The U.S. Attorney and Postal Inspection Service announced Tuesday that Eric Stein, age 53, had been arrested and charged “with running an investment scam through Return-A-Pet LLC–a Manhattan-based company he operated…” Authorities who investigated Stein’s business say he may have lined his pockets with up to a half-million dollars over the last 3 years by hoodwinking consumers into buying “sham Return-A-Pet distributorships using false and misleading advertisements.”
This is familiar territory for Eric Stein.
The scam was huge. So big it even turned heads in Nevada. So big that when Stein, one of the main suspects, went on the run, his glamour shot made it onto America’s Most Wanted. We’re referring to Eric Stein’s first scam, which was eventually covered by CNBC’s American Greed, a documentary series exploring major league con games.
In that case, which occurred in the late 1990s, Eric Stein and a handful of co-defendants (one was memorably named Ina Liberty Bell) bamboozled investors into buying into direct response infomercials. The pitch was an attractive 50 percent return on a minimum $5,000 investment in only 3 months. Stein took that money, played the mogul and also used it to keep drawing investors back into his web. He was charged with securities fraud and racketeering. Stein and his cohorts collected nearly $20 million.
According to the U.S. Attorney’s press release about Stein’s arrest on Tuesday, Return-A-Pet “provided enrolled pet owners with access to a toll-free number that was staffed 24 hours-a-day and printed on the pet’s ID tag, in order to help lost pets be returned to their owners.”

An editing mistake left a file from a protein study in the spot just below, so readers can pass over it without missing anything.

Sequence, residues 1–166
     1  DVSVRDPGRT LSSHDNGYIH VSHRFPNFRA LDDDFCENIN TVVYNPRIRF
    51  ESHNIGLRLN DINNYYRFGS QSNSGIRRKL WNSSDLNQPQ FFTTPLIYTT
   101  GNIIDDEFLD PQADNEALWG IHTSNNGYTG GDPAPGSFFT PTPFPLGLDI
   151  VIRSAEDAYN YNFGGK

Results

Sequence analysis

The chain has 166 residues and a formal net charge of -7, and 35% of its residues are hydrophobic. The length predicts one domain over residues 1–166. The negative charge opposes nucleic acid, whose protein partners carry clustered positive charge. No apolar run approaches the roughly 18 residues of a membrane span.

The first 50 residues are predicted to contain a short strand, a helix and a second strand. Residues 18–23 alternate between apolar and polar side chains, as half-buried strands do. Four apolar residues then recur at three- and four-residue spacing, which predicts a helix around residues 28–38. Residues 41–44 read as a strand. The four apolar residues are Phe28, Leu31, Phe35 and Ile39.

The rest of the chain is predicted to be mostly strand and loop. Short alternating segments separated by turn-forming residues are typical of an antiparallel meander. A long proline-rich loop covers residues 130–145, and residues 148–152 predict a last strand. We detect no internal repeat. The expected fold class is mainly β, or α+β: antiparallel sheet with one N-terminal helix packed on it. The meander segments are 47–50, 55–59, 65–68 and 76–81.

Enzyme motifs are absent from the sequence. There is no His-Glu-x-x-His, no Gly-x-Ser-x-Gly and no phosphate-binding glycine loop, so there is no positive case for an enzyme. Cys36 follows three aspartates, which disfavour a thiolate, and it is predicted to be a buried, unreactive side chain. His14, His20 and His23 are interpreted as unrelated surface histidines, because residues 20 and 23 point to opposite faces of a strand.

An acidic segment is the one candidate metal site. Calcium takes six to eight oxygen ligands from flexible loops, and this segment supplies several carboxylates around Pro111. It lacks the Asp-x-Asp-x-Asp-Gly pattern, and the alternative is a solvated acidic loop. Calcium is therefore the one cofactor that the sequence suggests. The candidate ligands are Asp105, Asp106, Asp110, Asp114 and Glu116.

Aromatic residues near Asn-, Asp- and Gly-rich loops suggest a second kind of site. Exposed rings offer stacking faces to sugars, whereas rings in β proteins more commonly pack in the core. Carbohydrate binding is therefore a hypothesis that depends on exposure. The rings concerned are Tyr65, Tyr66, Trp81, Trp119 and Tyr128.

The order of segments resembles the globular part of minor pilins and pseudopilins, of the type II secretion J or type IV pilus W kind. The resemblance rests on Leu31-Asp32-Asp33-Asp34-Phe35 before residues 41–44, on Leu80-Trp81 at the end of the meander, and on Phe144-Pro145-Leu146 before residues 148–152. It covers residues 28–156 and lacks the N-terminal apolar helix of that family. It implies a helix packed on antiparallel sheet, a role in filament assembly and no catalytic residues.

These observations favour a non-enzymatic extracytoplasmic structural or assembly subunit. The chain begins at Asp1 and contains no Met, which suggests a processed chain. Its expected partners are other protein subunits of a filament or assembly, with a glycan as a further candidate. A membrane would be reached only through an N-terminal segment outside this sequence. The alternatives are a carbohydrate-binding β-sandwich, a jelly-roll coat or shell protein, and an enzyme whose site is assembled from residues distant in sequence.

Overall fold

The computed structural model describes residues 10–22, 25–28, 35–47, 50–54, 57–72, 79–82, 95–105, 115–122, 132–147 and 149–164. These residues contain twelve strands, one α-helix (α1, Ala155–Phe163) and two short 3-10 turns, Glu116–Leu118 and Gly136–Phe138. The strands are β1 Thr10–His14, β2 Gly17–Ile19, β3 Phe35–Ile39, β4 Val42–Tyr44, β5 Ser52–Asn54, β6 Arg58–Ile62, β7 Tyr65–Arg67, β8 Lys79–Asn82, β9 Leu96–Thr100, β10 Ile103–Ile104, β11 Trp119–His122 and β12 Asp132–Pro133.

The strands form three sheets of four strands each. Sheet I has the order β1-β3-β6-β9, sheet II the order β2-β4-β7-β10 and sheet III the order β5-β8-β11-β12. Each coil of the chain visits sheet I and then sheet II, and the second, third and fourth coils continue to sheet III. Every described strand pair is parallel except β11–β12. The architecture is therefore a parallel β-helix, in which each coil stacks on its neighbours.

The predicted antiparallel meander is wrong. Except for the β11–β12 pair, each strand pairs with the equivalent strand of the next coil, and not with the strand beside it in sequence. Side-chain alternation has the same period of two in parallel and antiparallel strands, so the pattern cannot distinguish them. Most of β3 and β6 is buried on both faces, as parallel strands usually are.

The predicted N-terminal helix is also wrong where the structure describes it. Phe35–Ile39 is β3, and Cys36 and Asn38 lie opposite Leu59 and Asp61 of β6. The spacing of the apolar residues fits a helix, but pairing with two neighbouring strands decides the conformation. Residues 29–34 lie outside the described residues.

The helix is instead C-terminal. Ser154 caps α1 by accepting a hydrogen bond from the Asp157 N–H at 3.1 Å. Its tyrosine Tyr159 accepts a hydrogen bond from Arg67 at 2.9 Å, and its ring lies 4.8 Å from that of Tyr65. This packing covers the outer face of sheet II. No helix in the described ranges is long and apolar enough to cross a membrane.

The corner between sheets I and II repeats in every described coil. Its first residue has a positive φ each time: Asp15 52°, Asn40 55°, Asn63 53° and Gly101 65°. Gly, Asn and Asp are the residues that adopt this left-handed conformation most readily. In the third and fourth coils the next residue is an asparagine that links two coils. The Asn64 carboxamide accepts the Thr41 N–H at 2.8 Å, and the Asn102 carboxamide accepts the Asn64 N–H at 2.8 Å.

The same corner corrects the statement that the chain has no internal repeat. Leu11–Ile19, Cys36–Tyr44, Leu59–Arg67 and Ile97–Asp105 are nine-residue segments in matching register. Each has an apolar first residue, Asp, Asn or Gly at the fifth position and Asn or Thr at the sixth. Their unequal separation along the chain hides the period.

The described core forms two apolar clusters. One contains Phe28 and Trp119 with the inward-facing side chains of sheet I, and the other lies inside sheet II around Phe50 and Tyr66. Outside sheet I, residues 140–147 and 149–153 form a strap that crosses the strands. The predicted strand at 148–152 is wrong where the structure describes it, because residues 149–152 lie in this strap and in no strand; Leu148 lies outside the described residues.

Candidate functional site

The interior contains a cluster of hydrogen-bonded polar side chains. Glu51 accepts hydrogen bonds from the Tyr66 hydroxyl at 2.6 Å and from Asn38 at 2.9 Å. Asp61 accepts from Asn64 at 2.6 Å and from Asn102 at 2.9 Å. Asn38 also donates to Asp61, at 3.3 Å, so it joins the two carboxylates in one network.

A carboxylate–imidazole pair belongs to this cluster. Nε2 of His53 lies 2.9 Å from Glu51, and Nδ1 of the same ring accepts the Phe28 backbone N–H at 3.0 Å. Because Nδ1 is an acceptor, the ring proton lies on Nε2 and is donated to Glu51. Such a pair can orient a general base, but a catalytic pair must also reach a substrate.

On Return-A-Pet’s now defunct website the service explained:
The Return-A-Pet registry is designed to give you peace of mind while protecting your privacy. Our system makes it easy for the person who finds your pet to get your beloved family member back to you quickly and safely.
Return-A-Pet distributors purchased a $5,000 package (Stein was apparently fond of that base $5000 fee to buy into his deals) which supposedly included 425 enrollment kits. If you just wanted a trial package of 10 kits, you could get away with paying just $100 to check it out.
People bought in, wiring fees ranging from $5,000 up to $50,000 to Stein’s business bank accounts in Manhattan or mailing checks to his office on Fifth Avenue. Stein, who also may have used the alias “Robert Philips” when dealing with irate “distributors,” allegedly kept the money. Court documents contain statements from victims in Texas, Georgia, Kentucky, North Carolina and South Africa who recounted conversations with both “Philips” and Eric Stein.
Stein ran Return-A-Pet while still on supervised release for the scheme for which he’d been convicted in Nevada.
Speaking to CNBC 4 years ago about his big con, Eric Stein explained techniques he used to fool investors into thinking the business was legitimate, like fake references about how great it was. He also said, “Greed does not lead you down a road to success; it leads you down a path of destruction.”
Stein currently faces charges of mail and wire fraud. If convicted on both counts, he could face up to 40 years in prison.